[FOM] A big trouble with the definition of "binary relation"
Arnon Avron
aa at tau.ac.il
Thu Feb 1 17:17:08 EST 2007
On Sun, Jan 28, 2007 at 11:43:14AM -0500, Victor Makarov wrote:
> The following definition of "binary relation" one can find in
> Wikipedia:
>
> ( http://en.wikipedia.org/wiki/Binary_relation#Formal_definition )
>
> "A binary relation R is usually defined as an ordered triple (X, Y,
> G) where X and Y are arbitrary sets (or classes), and G is a subset
> of the Cartesian product X ? Y."
>
Without entering the concrete question posed in the message, I would
like to note that modern textbooks in set theory or logic do not
define a binary relation R as a triple, but simply as a set of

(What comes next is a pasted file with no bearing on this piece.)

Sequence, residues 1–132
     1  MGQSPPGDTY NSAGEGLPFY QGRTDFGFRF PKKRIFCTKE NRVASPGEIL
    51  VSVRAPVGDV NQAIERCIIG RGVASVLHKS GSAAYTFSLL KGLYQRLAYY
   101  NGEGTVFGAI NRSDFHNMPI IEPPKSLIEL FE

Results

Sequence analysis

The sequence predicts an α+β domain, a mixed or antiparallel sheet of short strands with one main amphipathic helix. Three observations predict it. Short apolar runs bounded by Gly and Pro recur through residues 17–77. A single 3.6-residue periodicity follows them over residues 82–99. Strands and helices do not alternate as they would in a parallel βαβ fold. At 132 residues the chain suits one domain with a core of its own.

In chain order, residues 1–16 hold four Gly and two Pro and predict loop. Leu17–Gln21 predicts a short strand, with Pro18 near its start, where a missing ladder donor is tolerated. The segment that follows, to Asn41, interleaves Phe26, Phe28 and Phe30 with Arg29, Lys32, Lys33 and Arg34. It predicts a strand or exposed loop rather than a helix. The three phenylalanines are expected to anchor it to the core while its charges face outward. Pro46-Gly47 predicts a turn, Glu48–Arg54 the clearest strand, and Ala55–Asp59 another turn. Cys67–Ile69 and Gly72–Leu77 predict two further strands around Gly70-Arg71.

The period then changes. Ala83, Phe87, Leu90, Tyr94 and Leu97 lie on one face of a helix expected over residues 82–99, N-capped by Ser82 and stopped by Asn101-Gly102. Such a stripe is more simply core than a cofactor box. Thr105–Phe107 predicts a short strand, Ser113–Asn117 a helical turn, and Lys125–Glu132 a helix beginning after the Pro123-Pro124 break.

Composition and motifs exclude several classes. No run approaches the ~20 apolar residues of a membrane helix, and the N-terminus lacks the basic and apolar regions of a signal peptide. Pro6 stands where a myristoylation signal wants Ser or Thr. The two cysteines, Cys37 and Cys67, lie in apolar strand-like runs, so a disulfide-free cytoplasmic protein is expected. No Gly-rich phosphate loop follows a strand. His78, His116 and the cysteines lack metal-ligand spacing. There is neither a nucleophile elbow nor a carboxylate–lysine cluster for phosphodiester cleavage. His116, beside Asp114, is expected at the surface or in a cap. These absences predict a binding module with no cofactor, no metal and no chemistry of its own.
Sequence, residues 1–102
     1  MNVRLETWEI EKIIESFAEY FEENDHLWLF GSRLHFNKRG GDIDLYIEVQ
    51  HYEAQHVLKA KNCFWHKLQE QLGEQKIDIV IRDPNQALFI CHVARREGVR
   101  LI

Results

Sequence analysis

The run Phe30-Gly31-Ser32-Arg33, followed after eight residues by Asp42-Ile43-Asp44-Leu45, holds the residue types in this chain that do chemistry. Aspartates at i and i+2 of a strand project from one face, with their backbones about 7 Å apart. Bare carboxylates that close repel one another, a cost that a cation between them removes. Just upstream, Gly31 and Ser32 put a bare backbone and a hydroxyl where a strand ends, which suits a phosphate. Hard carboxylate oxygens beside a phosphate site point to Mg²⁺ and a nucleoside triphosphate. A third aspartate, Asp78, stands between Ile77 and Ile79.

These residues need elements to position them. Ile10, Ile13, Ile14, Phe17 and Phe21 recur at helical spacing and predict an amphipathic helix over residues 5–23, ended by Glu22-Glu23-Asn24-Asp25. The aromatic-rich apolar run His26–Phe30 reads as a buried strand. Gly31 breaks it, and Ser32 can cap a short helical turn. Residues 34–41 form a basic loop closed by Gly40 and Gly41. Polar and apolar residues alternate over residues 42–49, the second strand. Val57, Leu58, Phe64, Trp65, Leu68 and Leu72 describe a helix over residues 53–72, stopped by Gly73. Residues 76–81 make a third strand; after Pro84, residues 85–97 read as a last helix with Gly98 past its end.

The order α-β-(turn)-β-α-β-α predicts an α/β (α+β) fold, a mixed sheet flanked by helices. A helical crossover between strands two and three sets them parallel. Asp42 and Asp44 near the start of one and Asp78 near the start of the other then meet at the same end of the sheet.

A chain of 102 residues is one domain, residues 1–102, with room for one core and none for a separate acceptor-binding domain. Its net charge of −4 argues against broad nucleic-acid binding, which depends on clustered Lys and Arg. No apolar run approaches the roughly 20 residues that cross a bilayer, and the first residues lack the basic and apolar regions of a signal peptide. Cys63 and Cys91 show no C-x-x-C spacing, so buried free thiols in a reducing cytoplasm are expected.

ordered pairs. R is then a relation from X to Y iff it
is a a subset of the Cartesian product of X and Y. Indeed, there
seems to be no sense in taking the exponential function from
the reals to the reals and the exponential function from
the reals to the positive reals as two different objects.
The real problem with these definitions of a binary relation
is that some of the most basic things called "relations"
in mathematics are not relations at all according to them.
Thus the two basic relations of set theory, the epsilon realtion
and equality, are obviously not sets, or even classes, of ordered
pairs. In fact one needs to understand these two "relations" well
before one can even start to talk about relations as subsets of
cartesian products (the \subset "relation" is another thing
which is not a relation according to the official definition
of this concept - yet we all teach our students that it is
a transitive "relation").
I am having hard time every year in explaining this subtle
point to students. I wonder what others do about it (the easiest
solution is of course not to mention the problem at all, unless
some student asks about it - which almost never happens...).
Arnon Avron
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